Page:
Original Research

The legacy of Sir Reginald Stephen Garfield Todd in Zimbabwean public life history

Gift Masengwe, Bekithemba Dube
HTS Teologiese Studies / Theological Studies | Vol 77, No 4 | a6538 | DOI: https://doi.org/10.4102/hts.v77i4.6538 | © 2021 Gift Masengwe, Bekithemba Dube | This work is licensed under CC Attribution 4.0
Submitted: 12 February 2021 | Published: 13 July 2021

About the author(s)

Gift Masengwe, School of Education Studies, Faculty of Education, University of the Free State, Bloemfontein, South Africa
Bekithemba Dube, School of Education Studies, Faculty of Education, University of the Free State, Bloemfontein, South Africa


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Abstract

This article investigates the contribution of white liberal politics of an ex-missionary New Zealander, Sir Reginald Stephen Garfield Todd (from 1953 to 1958), on the development of Southern Rhodesia towards becoming an independent state. It outlines the contribution he made towards the progress of black Zimbabweans in a number of spheres. It arouses interest in contemporary Zimbabwean religious and political discourses. Todd held a hybridity of roles in transitional politics from the blunting settler racism to the sharpening of African capability on multi-racial democracy important for our debate on the decolonisation of southern Africa. He was a rhetorically gifted radical paternalist who adopted reformist policies to advance both the African cause and his prophetic vocation. He suggested technocratic solutions that could reorganise and diversify political and economic options.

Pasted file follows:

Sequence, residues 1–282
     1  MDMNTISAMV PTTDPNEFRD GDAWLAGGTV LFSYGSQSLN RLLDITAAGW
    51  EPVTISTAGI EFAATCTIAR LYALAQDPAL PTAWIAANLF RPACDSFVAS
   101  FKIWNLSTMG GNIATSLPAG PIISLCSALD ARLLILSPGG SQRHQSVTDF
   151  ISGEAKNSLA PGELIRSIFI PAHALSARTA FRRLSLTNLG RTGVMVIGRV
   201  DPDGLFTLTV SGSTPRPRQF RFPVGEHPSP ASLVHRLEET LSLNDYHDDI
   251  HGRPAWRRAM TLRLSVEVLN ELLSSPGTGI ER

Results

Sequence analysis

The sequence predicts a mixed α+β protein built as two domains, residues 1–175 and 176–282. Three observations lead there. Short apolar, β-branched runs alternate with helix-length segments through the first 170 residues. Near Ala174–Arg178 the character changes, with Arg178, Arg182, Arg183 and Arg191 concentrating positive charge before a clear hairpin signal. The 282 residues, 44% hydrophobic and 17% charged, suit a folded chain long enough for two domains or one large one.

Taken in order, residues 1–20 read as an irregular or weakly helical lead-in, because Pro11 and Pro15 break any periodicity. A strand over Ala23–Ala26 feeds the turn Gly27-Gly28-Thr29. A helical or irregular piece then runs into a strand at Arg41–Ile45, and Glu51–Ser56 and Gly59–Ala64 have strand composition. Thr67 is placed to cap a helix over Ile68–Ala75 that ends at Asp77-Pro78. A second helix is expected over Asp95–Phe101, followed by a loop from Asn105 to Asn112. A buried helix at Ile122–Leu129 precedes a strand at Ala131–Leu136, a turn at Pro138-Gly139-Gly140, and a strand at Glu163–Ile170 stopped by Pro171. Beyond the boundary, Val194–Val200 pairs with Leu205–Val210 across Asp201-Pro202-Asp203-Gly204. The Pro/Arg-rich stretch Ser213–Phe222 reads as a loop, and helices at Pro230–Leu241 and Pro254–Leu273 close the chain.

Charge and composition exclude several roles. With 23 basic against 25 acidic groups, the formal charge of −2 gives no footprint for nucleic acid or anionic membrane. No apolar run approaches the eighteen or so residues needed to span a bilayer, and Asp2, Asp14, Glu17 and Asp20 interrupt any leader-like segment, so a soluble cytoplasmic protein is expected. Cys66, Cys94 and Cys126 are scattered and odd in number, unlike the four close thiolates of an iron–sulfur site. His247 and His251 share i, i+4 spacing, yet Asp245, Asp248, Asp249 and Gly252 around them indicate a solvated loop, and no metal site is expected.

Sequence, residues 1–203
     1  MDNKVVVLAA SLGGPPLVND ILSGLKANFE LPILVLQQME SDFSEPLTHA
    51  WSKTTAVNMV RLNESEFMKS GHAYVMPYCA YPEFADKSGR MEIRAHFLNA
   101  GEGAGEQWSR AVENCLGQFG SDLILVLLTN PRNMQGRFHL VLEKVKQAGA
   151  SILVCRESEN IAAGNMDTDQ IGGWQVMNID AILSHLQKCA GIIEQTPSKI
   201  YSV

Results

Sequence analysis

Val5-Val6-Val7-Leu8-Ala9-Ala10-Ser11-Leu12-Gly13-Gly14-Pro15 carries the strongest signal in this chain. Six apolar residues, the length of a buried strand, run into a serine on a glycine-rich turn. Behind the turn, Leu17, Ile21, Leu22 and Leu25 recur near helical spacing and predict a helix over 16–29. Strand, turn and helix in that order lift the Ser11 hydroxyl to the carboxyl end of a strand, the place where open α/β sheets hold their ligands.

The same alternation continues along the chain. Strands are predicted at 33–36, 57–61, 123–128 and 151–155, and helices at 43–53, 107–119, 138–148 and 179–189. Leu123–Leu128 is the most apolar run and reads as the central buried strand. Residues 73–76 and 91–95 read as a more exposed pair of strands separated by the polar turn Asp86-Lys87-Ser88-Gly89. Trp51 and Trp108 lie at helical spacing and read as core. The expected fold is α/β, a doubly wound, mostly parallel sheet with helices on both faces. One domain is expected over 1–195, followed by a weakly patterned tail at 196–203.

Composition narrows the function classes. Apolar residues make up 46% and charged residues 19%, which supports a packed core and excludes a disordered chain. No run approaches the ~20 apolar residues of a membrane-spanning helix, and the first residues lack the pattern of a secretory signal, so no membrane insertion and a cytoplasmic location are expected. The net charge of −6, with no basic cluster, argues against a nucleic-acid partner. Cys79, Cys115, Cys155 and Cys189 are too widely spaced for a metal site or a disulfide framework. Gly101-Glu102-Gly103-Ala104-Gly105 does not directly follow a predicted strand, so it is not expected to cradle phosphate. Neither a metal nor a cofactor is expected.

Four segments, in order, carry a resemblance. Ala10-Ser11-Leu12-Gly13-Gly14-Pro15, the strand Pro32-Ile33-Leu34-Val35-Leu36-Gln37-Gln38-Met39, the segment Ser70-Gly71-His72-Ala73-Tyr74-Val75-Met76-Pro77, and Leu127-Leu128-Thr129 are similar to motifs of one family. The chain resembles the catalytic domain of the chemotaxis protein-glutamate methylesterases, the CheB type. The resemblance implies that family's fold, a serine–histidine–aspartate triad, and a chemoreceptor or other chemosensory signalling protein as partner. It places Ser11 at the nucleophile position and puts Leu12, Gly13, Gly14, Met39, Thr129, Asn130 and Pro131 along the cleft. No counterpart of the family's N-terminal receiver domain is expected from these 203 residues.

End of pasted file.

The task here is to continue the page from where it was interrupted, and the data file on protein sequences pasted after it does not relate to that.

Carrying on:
Contribution: This study uses critical discourse analysis (CDA) on the wider literature on Todd’s biography and African policies in view of his Christian vocation towards changing conditions of socio-economic, political-religious and technological-technocratic solutions to contemporary African independence. He was a man of his times living and working in an increasingly problematic context guided by the Christian principles in which he was reared. He is the ‘father of faith’ in the Church of Christ in Zimbabwe (COCZ), and leaves us pedagogical lessons on human security, gender equality, church governance and human well-being that require review within the contemporary Christian fraternity.


Keywords

Sir Reginald Stephen Garfield Todd; Church of Christ in Zimbabwe (COCZ); decolonisation; Dadaya Mission; Zimbabwean history; the Black Moses

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